Tehran said on 14 July it was alarming and wrong of Washington to blame Iran for attacks on two oil tankers near the Straits of Hormuz, Reuters reported.

Oil prices settled 2.2% higher on 13 July after the attacks on the two oil tankers.

Brent crude futures settled up $1.34, or 2.23%, at $61.31, having risen as much as 4.5% to $62.64. US West Texas Intermediate crude futures were up $1.14, or 2.23%, at $52.28 a barrel. WTI earlier rose as much as 4.5% to $53.45.

Justin Urquhart Stewart, director at Seven Investment Management in London, told New Europe on 14 June that “oil jumped just a little bit – not very much. It will jump though if this moves from just being an incident into something where the longer-term issue maybe with the Presidential Guard. There are the ones who are more extreme in their acting, hence one of the issues they think they are the ones who did the bombing in tankers.”

Washington released a video that it said showed Iran’s Revolutionary Guards were behind the attacks on July 13 near the vital oil shipping route on the Norwegian-owned Front Altair, which was set ablaze, and the Japanese-owned Kokuka Courageous. The attack took place while Japanese Prime Minister Shinzo Abe was visiting Tehran with a message from US President Donald J. Trump. Japan was a big Iranian oil importer until Trump stepped up sanctions.

Both vessels were adrift in the Gulf of Oman on 14 July, after their crews abandoned ship following the attacks that caused a spike in oil prices, according Reuters.

Urquhart Stewart noted that the Iranian government’s statement that it was “suspicious” that the attacks occurred during Japanese Prime Minister Shinzo Abe‘s visit to Iran shows that the Islamic Revolutionary Guard may operate outside of Tehran’s directives. “What you got is two parts of the (Iranian) Administration who operate separately from the rest so sometimes the right hand doesn’t know what the left hand is doing. It’s quite interesting when you see them sometimes, they should be talking together but they don’t,” Urquhart Stewart said.

The attacks near Iran and the Strait of Hormuz fuelled worries about an impact to flows from the Middle East if insurance companies begin to reduce coverage for voyages through the region. “All this is going to result in more volatility in oil and if we get to the stage of actually the Straits of Hormuz is seen to be backing up, tankers going in and out, because you see the main thing for them is insurance at Lloyds (of London). If they can’t get insurance cover, they don’t move,” Urquhart Stewart said.

Tensions in the Middle East have escalated since the US unilaterally withdrew from the 2015 Joint Comprehensive Plan of Action known commonly as the Iran nuclear deal or Iran deal, and re-imposed sanctions, notably targeting Tehran’s oil exports. Tehran, which has distanced itself from the previous attacks, has said it would not be cowed by what it called psychological warfare.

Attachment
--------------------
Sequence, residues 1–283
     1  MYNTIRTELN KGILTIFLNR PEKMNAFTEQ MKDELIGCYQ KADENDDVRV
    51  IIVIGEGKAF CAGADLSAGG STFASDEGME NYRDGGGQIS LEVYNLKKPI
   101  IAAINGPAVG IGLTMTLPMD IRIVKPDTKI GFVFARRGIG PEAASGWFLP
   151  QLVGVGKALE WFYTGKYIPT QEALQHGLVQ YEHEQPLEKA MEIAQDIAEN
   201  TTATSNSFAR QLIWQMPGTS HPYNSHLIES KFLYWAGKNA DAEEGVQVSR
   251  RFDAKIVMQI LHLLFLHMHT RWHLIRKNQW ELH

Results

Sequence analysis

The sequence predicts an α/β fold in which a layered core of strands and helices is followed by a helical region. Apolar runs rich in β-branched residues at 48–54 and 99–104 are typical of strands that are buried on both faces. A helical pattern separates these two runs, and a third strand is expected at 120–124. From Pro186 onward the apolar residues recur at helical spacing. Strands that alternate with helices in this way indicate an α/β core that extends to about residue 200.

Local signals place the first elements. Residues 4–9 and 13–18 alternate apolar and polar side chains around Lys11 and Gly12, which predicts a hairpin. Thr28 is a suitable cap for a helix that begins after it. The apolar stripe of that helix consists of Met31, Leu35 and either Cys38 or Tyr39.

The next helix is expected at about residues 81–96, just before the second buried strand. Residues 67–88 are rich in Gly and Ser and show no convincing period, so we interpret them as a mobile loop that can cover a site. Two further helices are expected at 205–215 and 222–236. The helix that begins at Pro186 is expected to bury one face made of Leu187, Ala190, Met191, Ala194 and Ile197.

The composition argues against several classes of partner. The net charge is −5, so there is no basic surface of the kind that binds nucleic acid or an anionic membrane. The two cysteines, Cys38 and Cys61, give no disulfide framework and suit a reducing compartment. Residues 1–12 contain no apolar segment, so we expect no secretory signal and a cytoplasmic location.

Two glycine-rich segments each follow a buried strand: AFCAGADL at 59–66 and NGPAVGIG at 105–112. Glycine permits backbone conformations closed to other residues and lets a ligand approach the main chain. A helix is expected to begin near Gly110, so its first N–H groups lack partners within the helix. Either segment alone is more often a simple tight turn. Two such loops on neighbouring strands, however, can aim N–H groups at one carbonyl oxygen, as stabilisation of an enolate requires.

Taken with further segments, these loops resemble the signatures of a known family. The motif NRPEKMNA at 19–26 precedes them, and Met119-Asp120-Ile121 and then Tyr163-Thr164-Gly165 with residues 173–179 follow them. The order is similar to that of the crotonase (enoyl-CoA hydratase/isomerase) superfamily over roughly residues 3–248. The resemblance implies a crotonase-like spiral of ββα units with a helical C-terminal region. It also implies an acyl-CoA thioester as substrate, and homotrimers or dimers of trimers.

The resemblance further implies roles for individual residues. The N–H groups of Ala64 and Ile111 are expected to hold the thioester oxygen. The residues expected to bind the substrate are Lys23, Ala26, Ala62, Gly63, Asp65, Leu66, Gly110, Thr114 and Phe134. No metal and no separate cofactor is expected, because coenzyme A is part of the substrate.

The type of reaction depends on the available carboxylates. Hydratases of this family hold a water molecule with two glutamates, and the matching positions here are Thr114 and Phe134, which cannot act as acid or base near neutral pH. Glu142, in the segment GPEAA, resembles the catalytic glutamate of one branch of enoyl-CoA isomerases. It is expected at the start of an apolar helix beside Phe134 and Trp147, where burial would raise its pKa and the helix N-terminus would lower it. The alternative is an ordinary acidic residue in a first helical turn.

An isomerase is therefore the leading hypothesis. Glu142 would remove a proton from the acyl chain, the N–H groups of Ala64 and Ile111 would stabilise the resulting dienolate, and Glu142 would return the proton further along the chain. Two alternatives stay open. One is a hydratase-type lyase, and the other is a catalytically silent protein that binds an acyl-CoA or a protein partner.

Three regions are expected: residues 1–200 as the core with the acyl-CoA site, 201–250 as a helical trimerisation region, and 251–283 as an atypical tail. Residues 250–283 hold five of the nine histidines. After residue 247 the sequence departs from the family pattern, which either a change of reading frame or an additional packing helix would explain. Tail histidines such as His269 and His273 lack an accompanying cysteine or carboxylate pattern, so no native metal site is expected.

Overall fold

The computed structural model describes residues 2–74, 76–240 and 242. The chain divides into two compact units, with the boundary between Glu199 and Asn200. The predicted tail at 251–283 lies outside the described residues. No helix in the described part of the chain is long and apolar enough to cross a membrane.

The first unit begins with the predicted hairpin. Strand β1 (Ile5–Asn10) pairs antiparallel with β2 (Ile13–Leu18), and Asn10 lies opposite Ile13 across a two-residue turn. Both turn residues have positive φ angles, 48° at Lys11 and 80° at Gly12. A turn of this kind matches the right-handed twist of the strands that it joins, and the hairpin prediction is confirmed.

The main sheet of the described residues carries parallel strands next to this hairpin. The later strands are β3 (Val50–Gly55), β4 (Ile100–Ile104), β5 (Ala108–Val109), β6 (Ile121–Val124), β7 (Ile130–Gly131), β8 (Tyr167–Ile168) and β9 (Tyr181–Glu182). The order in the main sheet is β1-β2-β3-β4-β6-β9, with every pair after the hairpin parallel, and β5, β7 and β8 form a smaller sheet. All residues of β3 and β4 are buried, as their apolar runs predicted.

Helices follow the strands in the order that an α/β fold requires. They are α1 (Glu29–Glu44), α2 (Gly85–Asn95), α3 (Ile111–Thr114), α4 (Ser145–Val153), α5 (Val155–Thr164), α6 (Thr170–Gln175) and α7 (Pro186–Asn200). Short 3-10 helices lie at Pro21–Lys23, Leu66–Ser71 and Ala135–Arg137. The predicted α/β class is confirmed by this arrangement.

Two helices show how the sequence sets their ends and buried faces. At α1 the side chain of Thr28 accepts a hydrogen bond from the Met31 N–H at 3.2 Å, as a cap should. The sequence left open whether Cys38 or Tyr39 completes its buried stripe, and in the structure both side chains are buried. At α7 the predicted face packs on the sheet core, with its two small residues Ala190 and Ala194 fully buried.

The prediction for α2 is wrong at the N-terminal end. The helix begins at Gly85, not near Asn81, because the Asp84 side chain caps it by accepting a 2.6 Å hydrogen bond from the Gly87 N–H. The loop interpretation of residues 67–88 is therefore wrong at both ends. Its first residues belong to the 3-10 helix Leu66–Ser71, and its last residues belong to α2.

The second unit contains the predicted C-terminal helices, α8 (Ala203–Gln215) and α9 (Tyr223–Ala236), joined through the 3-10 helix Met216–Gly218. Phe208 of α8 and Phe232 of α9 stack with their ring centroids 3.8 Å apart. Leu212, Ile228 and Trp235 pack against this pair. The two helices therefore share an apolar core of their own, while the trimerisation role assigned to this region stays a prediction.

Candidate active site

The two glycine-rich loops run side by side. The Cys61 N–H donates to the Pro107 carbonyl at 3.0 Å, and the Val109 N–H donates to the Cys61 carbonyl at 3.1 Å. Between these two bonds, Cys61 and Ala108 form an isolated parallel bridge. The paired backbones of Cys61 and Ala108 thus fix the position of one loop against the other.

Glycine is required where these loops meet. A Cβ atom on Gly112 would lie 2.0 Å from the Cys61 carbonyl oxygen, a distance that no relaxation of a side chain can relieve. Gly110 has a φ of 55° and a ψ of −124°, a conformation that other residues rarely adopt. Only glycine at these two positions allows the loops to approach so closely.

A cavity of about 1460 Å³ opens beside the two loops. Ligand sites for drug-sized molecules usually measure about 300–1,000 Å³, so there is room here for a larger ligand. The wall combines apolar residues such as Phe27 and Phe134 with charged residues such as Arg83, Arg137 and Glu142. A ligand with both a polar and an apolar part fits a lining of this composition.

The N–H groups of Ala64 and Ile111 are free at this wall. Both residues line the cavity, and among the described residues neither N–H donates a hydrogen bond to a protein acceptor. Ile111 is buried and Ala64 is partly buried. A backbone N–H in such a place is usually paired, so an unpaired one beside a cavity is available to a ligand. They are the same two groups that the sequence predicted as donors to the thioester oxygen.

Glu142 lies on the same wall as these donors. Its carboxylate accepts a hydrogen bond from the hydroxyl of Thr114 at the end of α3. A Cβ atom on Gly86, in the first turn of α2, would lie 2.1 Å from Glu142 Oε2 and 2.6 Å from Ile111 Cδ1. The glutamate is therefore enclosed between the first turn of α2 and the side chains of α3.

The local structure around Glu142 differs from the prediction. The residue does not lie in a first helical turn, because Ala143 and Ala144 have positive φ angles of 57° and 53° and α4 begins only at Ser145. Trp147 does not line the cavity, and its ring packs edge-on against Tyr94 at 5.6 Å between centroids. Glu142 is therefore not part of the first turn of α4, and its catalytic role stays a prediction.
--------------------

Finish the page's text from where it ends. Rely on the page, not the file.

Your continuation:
There are also concerns of a new confrontation between Iran and the US, which blamed Tehran for the incident. US Secretary of State Mike Pompeo reportedly said the US has assessed Iran was behind the attacks, and arrived at its conclusion based on intelligence, weapons used and the level of expertise needed for the attacks on the tankers in the Gulf of Oman.

Regarding the Strait of Hormuz, Urquhart Stewart said, “The oil price will go up unless we can actually see clear resolution which none of us can see at the moment.” In terms of politics and in terms of demand because the global economy is slowing, there should be a lower price. “However, the market is split and we can’t tell is it going up because there is going to be a shortage or is it going down because the economy is slowing and therefore it needs some support, I think the here price will stay high may well go a little higher,” he said.

Asked if he would rule out military action, Urquhart Stewart asked, laughing, “How many wars the man who said is not going to use US troops is going to get involved in? More likely that he wouldn’t. But he might do something with the Israelis to try to actually manage it properly. So I think there is a very good chance you could start seeing some bullets flying. But the trouble is Trump is so irrational so it’s difficult to judge. So if you can’t judge it, the answer is therefore don’t buy it, don’t sell it and stay exactly where you are,” he said.

Also supporting higher oil prices were reports that Organization of the Petroleum Exporting Countries (OPEC) members were close to agreeing on continued production cuts. Urquhart Stewart reminded that OPEC is cartel operation, saying: “It will do its best to maintain that price but I’m afraid this is going to be overtaken. The issue, of course, with OPEC is it doesn’t include countries like Russia which can have a direct impact so another issue of concern.”